The Politics of Apolitical Culture: The Congress for Cultural Freedom, the CIA and Post-War American Hegemony

The Politics of Apolitical Culture: The Congress for Cultural Freedom, the CIA and Post-War American Hegemony

The Politics of Apolitical Culture: The Congress for Cultural Freedom, the CIA and Post-War American Hegemony

The Politics of Apolitical Culture: The Congress for Cultural Freedom, the CIA and Post-War American Hegemony

Synopsis

This book analyses a key episode in the cultural Cold War - the formation of the Congress for Cultural Freedom. Whilst the Congress was established to defend cultural values and freedom of expression in the Cold War Struggle, its close association with the CIA later undermined its claims to intellectual independence or non-political autonomy. By examining the formation of the Congress and its early years of existence in relation to broader issues of US-European relations, Giles Scott-Smith reveals a more complex interpretation of the story. The Politics of Apolitical Culture provides an in-depth picture of the various links between the political, economic and cultural realms which led to the Congress.

Excerpt

This book is something of a 'crossover' text, covering political economy, Gramscian theory, intellectual history and archival analysis of a particular episode in the early Cold War period. It looks at the formation and consolidation of the Congress for Cultural Freedom (CCF) by placing its history in the context of post-war US-European relations between 1945 and 1955. This was the period when there was a clear coalescence between the intellectual concerns and the political and economic interests of key groups on both sides of the Atlantic. By the mid-1950s, with the Atlantic alliance secured, the Congress began to turn its attention to relations with the Third World, a path that will not be followed here. the ccf can best be seen as a vital cultural-intellectual component to that Atlanticism, a 'normative' institution that linked with broader political and economic motives.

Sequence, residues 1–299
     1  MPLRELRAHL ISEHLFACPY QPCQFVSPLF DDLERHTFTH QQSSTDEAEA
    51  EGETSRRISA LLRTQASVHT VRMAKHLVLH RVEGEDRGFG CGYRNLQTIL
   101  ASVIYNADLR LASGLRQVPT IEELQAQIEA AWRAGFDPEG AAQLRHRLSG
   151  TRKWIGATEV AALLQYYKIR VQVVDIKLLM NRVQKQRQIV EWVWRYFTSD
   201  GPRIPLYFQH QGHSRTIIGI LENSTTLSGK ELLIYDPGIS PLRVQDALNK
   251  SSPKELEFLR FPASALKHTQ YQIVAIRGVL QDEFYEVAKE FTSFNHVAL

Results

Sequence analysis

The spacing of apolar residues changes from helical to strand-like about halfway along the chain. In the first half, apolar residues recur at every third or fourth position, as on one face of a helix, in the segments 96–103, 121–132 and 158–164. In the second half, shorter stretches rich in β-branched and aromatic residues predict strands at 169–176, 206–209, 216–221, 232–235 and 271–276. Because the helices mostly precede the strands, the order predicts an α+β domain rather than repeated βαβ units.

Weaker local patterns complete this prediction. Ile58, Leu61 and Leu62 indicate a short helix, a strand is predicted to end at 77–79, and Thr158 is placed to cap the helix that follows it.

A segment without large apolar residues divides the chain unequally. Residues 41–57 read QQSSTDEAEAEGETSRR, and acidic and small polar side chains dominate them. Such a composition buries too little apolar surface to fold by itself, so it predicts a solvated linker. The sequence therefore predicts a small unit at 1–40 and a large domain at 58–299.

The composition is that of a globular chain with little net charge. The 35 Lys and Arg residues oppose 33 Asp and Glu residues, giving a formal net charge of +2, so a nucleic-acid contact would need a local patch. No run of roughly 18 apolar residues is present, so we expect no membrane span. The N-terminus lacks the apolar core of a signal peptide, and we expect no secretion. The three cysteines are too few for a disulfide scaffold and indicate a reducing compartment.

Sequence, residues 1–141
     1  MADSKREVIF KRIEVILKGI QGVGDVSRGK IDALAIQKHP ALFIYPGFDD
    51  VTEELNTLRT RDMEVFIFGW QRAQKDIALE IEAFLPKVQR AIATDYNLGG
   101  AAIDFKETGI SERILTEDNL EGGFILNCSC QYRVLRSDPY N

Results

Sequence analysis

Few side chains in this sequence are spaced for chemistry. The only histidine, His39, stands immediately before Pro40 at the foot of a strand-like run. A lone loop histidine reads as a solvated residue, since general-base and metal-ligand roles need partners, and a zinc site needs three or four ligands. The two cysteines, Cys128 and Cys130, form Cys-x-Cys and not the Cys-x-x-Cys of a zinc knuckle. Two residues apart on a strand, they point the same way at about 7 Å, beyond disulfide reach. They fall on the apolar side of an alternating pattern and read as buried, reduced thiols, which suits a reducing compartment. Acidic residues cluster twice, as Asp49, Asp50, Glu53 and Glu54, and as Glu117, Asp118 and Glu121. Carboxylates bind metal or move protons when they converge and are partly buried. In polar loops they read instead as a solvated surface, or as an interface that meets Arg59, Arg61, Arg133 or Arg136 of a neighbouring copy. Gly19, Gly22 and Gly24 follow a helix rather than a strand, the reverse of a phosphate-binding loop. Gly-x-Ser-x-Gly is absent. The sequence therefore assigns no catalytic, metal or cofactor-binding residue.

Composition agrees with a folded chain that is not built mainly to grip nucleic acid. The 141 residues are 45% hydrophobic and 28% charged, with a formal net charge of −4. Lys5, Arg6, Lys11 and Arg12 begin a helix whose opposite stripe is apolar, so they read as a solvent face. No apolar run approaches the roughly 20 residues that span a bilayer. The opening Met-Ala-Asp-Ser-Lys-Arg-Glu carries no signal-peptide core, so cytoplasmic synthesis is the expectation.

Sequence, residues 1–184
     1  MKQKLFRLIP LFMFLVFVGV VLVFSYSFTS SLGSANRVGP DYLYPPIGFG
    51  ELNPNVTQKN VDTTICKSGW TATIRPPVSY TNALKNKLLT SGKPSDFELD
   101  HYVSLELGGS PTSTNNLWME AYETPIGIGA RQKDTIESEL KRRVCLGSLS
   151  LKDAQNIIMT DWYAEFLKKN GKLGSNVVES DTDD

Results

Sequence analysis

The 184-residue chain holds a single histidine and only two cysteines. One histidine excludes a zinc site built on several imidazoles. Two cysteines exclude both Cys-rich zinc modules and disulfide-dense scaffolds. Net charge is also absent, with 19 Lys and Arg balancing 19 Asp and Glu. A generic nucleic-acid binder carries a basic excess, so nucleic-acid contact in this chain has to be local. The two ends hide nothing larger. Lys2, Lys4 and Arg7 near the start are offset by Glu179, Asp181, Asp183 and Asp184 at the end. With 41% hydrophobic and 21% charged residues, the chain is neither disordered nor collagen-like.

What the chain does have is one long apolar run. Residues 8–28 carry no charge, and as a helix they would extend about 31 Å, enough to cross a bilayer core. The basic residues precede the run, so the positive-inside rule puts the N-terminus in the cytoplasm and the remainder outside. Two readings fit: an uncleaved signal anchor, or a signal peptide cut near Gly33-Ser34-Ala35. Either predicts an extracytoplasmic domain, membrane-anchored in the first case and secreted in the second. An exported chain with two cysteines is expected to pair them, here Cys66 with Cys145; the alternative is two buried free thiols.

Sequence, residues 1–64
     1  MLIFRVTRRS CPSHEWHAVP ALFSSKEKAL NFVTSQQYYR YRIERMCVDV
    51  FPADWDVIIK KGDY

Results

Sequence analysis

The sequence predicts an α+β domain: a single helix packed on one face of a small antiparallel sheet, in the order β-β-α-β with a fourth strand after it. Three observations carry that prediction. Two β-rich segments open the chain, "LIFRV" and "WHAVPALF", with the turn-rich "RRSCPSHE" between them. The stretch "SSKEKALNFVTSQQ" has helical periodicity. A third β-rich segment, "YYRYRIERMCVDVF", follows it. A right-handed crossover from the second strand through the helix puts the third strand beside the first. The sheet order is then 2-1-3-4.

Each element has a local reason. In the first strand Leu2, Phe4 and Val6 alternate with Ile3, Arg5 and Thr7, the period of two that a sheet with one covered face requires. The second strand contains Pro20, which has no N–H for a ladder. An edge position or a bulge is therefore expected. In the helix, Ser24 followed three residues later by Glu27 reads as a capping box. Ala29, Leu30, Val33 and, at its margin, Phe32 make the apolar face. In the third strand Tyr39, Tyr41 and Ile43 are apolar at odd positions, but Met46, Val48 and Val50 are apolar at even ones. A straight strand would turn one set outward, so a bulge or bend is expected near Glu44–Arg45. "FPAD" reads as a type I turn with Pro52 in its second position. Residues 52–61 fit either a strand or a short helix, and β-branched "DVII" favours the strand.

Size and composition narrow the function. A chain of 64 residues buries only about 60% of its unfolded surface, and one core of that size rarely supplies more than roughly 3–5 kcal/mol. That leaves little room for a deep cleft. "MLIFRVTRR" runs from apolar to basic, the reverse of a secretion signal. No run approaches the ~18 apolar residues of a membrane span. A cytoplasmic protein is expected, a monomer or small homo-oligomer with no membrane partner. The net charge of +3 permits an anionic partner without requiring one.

In order to explore these linkages between the political, economic and cultural realms, the ccf is viewed via the conception of hegemony put forward by Antonio Gramsci. To approach the Congress via Gramsci raises some important questions. If the ccf was to a degree a hegemonic instrument of American foreign policy, what were the ideas and cultural values that were being instrumentalised, and how did they link with the dominant political and economic interests of the time? What were the political and economic interests that led to this instrumentalisation of cultural activity in the first place? If it is accepted, as it should be, that these ideas and cultural values had their own semi-autonomous development aside from any instrumental political intervention that occurred, what was their importance in the cultural realm itself? One of the most important aspects to the Congress as a normative institution is that it made more explicit the cultural-intellectual concerns that were already present. Recognition of this fact, and the complexity that it involves, is necessary in order to better appreciate the CIA's role and the historical context in which these events occurred.

Any analysis of political influence in the cultural realm can tend to undermine the actual legitimacy of the culture as culture, and the intricacies of the semi-autonomous, contingent development of cultural-intellectual activity. Arguments are often reduced to an emphasis either on the autonomy or the dependence of art, neither being particularly satisfactory for the broadening of

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